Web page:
translated by James Legge [ 1891 ] 66,099 bytes
The Tao te Ching is one of the most widely read sacred texts, due to its simplicity and depth. It appeal is universal, and has been found relevant by Christians, Hindus, Muslims, Buddhists, and even Quantum Physicists. Attributed to Lao-tzu, (580-500 .), it may predate him by several centuries. The earliest known manuscripts of the Tao te Ching date to the third century . This translation is excerpted from Volume 39 of the Sacred Books of the East. Taoist Texts, Part I (SBE 39)
Lao Tzu , Chuang Tzu , tr. by Jame Legge [ 1891 ]
Taoist Texts, Part II (SBE40)
Chuang Tzu , tr. by Jame Legge [ 1891 ]
The Sacred Texts of the Taoists. A detailed etext of volume one and two of the Sacred Books of the East Taoist translations by James Legge. Both of these volumes were published in 1891. The first volume contains Lao-tzu's Tao te Ching and the first half of the Writings of Chuang-tzu, including the notes and introductory material. The second volume completes the Writings of Chuang-tzu, and includes several other Taoist texts, including the Tai Shang Tractate. Volume two also includes a detailed index for both volumes.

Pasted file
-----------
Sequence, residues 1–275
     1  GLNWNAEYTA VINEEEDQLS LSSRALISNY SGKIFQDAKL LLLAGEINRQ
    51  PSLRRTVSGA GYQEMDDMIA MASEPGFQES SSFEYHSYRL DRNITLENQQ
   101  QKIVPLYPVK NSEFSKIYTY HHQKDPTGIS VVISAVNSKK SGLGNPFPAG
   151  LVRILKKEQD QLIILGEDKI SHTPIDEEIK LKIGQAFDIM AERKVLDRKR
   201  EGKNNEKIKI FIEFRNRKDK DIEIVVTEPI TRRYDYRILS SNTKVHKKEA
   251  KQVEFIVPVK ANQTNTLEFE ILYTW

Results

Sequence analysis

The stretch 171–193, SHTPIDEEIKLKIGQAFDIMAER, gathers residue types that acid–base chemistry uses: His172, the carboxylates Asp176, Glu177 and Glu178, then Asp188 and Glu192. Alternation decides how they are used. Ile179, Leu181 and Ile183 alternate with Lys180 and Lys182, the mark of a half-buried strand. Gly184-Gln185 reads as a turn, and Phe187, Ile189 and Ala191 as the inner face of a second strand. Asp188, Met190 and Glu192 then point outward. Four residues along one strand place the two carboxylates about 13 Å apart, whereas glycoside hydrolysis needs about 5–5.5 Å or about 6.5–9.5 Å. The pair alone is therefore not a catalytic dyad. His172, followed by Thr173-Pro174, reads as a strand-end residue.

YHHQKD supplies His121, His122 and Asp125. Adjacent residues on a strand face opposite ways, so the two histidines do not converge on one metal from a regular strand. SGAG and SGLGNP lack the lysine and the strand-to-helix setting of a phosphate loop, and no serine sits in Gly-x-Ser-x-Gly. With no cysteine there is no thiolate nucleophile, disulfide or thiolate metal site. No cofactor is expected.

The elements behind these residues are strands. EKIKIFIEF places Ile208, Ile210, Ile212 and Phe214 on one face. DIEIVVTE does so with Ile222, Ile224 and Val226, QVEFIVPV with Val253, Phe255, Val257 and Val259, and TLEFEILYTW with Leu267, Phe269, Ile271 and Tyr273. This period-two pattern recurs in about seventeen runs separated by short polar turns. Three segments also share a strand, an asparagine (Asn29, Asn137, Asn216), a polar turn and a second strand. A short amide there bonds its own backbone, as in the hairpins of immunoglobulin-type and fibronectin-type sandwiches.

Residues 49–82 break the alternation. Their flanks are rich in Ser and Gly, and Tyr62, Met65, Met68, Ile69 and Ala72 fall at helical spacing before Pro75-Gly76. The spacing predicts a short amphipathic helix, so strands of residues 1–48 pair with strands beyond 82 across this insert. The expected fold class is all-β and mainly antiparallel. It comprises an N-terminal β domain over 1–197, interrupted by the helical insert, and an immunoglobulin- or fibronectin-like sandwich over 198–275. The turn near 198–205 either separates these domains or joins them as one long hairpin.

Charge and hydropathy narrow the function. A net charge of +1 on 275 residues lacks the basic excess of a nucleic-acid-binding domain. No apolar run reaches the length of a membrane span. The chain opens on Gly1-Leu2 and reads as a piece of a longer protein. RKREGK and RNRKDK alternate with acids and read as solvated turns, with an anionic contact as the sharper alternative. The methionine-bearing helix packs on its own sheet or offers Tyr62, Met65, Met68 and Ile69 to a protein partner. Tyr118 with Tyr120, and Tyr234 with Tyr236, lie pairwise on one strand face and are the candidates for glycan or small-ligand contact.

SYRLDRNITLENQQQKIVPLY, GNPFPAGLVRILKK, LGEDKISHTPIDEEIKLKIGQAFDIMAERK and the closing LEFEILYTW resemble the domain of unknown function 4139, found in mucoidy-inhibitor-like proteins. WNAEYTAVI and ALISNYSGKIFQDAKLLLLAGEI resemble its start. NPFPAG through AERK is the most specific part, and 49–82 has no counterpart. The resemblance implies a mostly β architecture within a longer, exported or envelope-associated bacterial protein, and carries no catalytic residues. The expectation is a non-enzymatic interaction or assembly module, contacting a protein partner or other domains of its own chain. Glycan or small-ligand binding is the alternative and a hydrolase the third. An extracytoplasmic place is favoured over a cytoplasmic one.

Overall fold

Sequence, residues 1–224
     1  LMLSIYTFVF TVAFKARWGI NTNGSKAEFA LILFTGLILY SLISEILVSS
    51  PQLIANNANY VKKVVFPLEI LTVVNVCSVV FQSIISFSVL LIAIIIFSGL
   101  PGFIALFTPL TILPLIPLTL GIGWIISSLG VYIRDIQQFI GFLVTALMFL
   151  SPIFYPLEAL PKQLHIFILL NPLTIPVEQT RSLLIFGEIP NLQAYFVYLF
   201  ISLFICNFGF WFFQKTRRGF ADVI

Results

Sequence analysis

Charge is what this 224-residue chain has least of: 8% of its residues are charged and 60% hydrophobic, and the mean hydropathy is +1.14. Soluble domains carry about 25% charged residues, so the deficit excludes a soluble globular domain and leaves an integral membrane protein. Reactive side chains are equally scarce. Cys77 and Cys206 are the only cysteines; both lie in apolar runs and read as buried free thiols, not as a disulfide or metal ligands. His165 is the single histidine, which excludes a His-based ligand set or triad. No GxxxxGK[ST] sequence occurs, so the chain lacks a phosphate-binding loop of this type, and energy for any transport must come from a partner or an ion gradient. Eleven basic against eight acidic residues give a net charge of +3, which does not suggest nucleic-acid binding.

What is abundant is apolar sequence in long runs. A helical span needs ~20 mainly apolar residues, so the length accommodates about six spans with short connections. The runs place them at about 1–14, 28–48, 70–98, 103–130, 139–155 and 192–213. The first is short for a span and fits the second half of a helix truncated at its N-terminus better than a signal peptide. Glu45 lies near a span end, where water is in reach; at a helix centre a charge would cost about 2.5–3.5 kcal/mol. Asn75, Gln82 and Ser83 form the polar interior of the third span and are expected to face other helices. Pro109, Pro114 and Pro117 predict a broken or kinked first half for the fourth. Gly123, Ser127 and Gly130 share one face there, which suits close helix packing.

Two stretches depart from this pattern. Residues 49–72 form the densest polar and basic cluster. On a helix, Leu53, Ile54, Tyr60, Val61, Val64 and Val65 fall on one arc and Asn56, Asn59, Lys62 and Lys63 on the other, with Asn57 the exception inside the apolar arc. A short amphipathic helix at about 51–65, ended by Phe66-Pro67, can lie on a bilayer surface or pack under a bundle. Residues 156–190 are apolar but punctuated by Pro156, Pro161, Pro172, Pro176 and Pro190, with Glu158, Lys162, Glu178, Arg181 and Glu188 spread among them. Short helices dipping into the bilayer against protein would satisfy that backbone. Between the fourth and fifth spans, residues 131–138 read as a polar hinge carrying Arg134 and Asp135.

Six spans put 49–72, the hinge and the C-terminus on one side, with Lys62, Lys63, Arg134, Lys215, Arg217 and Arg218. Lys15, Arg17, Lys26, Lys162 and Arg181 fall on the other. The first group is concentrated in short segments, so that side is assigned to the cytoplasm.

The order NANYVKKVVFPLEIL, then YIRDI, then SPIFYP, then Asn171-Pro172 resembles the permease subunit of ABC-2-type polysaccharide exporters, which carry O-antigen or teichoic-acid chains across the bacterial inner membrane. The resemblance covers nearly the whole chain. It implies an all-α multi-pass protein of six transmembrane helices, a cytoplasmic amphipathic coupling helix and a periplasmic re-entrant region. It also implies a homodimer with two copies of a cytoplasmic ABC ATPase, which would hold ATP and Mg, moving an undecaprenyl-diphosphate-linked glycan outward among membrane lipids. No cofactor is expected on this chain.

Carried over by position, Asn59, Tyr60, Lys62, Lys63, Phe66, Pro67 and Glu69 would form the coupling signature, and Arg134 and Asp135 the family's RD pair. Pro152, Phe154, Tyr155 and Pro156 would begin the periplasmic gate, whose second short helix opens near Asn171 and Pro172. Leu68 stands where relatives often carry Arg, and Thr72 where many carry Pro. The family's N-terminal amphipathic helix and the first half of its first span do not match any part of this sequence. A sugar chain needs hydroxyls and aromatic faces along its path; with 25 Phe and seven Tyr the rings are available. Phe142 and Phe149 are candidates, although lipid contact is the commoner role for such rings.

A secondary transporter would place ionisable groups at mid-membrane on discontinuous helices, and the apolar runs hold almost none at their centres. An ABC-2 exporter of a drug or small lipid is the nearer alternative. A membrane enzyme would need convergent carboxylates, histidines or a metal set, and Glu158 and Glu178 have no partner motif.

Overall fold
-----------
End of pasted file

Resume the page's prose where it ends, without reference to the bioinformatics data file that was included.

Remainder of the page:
In ancient Taoist texts, wu-wei is associated with water through its yielding nature.  Taoist philosophy, in accordance with the I Ching , proposes that the universe works harmoniously according to its own ways. When someone exerts their will against the world in a manner that is out of rhythm with the cycles of change, they may disrupt that harmony and unintended consequences may more likely result rather than the willed outcome. Taoism does not identify one's will as the root problem. Rather, it asserts that one must place their will in harmony with the natural universe.  Thus, a potentially harmful interference may be avoided, and in this way, goals can be achieved effortlessly.   "By wu-wei, the sage seeks to come into harmony with the great Tao, which itself accomplishes by nonaction." 
Download the current catalogue. Contains book samples and discount codes for paperback and PDF editions.
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From the Cantong qi
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